Monday, July 16, 2012

Windows shopping. Does the employee-to-patron ratio indicate doom for Microsoft?

Let's go to the mall -- today!

Looking a bit like a lonely Oldsmobile dealership before closure, one Microsoft mall store I visited a few days ago had a pitiful melancholy feel to it. It stood in contrast to the bustling Apple store a few doors down. If this level of disinterest is indicative of things to come, Microsoft and its partners are in for a hard fall during the coming years.

The Microsoft store opened very recently, but was not enjoying much of a honeymoon period. Although Microsoft was practically giving away $25 gift certificates in a Pepsi-Challenge like mobile OS competition, I didn't see anyone buy a single item at the store, and most Windows Phones being displayed went completely untouched.

I calculated what I'll call the "employee-to-patron ratio" at both the Microsoft store and the Apple store. Even during the busiest of times, there were always more Microsoft employees on the floor than visitors, and this included teenagers who just stopped in to play Xbox games. The average ratio I came up with was 13-9, that is, 13 Microsoft floor employees to each potential customer in the store. And there were times the store had only two patrons.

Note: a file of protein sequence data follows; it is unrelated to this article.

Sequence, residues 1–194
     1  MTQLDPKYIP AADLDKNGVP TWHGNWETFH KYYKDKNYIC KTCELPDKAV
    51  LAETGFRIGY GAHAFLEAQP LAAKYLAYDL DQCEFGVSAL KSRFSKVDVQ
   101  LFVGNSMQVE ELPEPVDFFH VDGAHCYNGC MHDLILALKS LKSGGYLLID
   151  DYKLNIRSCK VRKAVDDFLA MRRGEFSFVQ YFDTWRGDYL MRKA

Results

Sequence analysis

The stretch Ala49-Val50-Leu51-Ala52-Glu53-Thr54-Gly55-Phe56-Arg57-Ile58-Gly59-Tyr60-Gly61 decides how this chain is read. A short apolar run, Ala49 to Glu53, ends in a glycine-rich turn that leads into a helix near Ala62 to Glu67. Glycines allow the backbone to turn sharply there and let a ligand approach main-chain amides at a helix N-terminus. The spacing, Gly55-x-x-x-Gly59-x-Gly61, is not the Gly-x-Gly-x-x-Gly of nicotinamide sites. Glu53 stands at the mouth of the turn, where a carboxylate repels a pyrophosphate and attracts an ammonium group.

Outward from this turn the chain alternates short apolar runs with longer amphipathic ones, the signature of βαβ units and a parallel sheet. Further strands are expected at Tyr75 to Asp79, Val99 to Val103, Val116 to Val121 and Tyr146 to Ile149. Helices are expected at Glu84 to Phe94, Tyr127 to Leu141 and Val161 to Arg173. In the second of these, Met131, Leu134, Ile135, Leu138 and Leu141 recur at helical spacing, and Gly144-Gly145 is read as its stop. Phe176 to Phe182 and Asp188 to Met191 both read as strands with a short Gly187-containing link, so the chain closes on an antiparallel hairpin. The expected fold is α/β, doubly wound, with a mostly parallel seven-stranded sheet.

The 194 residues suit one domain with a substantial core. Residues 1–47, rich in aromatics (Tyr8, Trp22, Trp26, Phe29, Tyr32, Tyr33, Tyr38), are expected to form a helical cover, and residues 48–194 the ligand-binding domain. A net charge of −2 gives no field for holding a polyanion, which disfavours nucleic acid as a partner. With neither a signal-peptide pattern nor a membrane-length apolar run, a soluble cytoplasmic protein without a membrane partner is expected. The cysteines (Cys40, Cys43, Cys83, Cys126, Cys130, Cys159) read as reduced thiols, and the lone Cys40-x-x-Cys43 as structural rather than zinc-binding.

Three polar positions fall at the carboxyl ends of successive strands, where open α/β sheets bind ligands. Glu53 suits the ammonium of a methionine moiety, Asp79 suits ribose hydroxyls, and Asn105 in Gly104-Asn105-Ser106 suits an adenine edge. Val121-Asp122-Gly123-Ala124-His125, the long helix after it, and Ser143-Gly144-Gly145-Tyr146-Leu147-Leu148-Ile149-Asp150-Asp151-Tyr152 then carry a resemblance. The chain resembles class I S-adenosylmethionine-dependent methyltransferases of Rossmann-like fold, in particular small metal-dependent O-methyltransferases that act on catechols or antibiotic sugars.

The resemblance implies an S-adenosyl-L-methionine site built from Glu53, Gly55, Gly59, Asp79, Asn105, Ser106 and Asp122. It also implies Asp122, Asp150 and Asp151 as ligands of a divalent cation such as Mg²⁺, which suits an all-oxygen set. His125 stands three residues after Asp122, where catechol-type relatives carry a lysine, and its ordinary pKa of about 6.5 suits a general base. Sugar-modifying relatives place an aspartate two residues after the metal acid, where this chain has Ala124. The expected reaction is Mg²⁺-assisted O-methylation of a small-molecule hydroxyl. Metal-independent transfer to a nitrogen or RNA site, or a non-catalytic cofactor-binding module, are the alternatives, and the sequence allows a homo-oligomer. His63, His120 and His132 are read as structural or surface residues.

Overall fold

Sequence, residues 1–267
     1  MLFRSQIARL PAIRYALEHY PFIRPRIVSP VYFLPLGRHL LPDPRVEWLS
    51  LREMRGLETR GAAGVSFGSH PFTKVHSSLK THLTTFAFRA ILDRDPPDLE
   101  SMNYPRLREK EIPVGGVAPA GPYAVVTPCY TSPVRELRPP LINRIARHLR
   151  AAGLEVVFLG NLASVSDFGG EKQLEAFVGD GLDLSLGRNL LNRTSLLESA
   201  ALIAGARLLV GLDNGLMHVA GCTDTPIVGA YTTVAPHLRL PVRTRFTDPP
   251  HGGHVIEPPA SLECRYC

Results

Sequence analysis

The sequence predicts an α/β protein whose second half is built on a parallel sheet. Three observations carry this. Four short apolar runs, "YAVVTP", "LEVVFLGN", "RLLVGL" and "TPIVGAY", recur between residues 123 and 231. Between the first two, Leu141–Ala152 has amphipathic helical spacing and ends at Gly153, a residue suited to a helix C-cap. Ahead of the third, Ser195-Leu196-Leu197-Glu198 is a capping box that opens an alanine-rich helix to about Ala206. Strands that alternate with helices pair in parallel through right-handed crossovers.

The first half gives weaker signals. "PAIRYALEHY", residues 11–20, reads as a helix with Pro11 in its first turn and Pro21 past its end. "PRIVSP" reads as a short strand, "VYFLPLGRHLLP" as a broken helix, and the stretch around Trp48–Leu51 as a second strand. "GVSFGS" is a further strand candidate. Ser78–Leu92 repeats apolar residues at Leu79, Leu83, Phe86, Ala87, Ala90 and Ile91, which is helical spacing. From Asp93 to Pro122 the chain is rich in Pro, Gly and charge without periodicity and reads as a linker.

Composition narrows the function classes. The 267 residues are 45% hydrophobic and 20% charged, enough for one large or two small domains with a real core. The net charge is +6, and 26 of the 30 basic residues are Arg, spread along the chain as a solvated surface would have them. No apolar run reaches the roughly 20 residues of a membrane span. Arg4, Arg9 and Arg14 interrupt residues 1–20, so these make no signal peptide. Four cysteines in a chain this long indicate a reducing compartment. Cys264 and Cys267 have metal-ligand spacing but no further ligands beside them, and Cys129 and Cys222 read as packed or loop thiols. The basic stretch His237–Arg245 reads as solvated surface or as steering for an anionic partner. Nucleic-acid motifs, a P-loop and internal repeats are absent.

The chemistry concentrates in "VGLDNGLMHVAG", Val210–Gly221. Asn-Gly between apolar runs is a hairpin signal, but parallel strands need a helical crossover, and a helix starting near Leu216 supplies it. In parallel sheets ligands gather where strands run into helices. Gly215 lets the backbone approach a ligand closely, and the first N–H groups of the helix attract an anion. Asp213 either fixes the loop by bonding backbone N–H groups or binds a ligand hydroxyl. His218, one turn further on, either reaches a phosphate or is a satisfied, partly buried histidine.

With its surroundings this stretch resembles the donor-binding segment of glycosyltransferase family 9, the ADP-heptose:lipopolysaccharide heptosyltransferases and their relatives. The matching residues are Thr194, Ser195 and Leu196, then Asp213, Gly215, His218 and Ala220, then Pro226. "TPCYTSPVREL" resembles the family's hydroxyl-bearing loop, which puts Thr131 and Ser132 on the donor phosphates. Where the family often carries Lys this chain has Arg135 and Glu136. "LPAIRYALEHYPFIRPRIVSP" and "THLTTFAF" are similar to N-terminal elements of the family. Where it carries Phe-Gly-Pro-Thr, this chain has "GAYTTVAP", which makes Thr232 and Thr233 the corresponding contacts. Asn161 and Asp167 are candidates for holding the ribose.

Compare this to the Apple store which consistently was filled with engaged patrons and real customers. I counted 18 floor employees at this particular Apple store and never less than 38 patrons. And many of these were really purchasing products.

Perhaps it's not fair to read too much into this anecdotal observation. Things might be significantly different at Microsoft stores in other parts of the country. Or during other days of the week. Or perhaps this is just a teething period for Microsoft's brick-and-mortar retail push as it builds awareness. There is obvious potential for the stores to become great arcades, marketing Xbox and Kinect.

One thing is for sure: Microsoft and its partners must begin to monitor market conditions very closely and take any feedback (or lack of feedback) very seriously. Microsoft isn't the near monopoly it once was, and we've learned over and over again that giants can fall hard and fast.

There might be more below the surface here to Microsoft's retail strategy, but I'd say it's time for Microsoft to learn how to be hip. And it's not hip to be bare.

The Microsoft store: room for contraptions

At the Microsoft store: standing room lonely.

So go to the mall, today, to visit the Microsoft store.

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